Child care tradeoffs among Massachusetts mothers
In the U.S., early child care is funded through a mostly private market, making access to high-quality care a function of a family’s financial resources or access to limited child care subsidies. This results in unequal access to care across income levels, with lower-income families in particular facing constraints in securing care that is affordable, high-quality, and available when, where, and for whom they need it. We know that some parents confront constraints with their options, resulting in forced choices or tradeoffs among aspects of care; this includes, for example, opting out of the formal private market into informal options or opting out of care and work all together. This study aimed to understand the tradeoffs parents make in selecting the best care arrangements for their family. Between October 2019 and January 2020, we interviewed 67 mothers in Massachusetts whose children had not yet started kindergarten. We found that tradeoffs occurred along a spectrum, with some mothers describing their family’s experience compromising on care (accepting suboptimal choices) and others describing sacrificing on care (accepting choices conflicting with needs or preferences, leading to disruptions in care or work). This spectrum applied to the tradeoffs made by mothers who used child care as well as those who did not use child care but perceived tradeoffs should they use it. Even in cases where mothers embarked on extensive searches for child care, tradeoffs were unavoidable. These findings underscore the imperative of addressing the multiple dimensions of child care—affordability, availability, and quality—with attention to potential tradeoffs and their severity, in furtherance of equitable solutions.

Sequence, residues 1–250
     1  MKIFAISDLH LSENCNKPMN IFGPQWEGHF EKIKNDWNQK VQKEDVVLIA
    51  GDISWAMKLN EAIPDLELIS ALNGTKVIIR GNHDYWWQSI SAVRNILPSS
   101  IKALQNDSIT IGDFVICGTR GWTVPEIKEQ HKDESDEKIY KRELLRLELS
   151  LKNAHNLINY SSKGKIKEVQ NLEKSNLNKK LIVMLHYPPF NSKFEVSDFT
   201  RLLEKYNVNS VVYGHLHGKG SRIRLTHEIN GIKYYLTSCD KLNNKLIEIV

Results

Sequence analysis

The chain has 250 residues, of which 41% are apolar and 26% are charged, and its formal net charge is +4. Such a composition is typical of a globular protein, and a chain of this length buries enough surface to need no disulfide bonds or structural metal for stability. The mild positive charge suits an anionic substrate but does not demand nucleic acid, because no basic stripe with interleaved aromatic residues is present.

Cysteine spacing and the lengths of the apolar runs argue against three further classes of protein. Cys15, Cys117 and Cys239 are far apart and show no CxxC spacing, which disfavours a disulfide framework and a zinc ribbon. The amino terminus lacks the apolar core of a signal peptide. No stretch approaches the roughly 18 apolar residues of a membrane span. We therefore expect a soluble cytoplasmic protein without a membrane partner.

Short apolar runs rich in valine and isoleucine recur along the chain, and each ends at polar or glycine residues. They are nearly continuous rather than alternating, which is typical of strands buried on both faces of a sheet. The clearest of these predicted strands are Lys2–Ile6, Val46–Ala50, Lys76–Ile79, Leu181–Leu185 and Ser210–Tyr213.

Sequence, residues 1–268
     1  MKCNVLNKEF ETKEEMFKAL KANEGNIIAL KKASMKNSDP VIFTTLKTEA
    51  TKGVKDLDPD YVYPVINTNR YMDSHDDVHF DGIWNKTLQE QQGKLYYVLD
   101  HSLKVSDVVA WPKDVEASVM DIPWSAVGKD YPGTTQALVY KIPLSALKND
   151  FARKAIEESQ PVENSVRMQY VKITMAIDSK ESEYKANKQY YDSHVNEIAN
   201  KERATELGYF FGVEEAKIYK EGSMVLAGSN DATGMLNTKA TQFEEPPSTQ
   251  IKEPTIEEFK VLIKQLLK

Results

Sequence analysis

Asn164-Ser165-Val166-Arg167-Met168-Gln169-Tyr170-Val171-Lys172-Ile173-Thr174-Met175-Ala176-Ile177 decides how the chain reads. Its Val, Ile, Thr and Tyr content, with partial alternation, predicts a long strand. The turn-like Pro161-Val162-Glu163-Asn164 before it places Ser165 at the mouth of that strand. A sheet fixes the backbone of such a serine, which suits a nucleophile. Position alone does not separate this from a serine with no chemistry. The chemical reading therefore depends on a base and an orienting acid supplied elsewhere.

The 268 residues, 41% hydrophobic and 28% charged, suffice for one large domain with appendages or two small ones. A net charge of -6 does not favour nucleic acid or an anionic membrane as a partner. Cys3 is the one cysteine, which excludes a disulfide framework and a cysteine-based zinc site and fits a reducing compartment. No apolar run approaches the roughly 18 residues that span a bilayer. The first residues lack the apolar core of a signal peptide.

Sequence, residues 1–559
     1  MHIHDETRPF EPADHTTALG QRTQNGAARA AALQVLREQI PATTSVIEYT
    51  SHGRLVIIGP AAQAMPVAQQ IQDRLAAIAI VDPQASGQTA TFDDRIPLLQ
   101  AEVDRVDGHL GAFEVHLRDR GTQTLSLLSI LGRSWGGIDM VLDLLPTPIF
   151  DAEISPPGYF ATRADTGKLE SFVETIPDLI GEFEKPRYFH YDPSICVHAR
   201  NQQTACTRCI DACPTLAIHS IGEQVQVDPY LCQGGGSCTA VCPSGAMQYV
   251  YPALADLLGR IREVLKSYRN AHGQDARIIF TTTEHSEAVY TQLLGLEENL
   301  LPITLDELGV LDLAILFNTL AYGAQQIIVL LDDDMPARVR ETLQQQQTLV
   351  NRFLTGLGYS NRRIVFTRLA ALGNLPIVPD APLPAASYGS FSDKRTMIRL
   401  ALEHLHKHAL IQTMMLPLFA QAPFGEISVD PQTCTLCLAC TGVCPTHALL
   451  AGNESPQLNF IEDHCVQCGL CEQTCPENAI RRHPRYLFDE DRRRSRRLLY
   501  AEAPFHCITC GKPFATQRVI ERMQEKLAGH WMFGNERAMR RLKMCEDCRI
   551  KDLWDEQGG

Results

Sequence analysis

- Tradeoffs occurred along a spectrum of intensity ranging from compromising on care—accepting levels of affordability, quality, or availability that did not match well with needs or preferences—to sacrificing on care, where conflicts with needs or preferences led to care or work disruptions.
- Sacrificing on care tended to be more consequential than compromising on care, both in terms of parental economic activity and the impact on children.
- Married mothers with incomes above the median were more likely to leave the labor force as a strategy for meeting child care needs than were married mothers with incomes below the median or single mothers, for whom voluntarily leaving the workforce was not an option.
- Quality sacrifices, where persistently low quality or serious incidents led to care or work disruptions, were more common among lower-income mothers, who also struggled with the high cost of care, whereas less concerning quality compromises were more common among families better able to afford better-quality care.
- Most married mothers who perceived child care options they explored as unaffordable chose to give up work rather than struggle to afford care.
- Employer flexibility mitigated scheduling conflicts for a number of mothers, helping to minimize tradeoffs, such as having to use care that conflicts with parents’ work schedules.
- There was a small number of mothers requiring care during evenings or weekends, with no flexibility, leading to unemployment unless friend, family, or neighbor care was available.
- Due to challenges securing care that met parents’ needs and preferences, tradeoffs occurred even following extensive searches for care arrangements.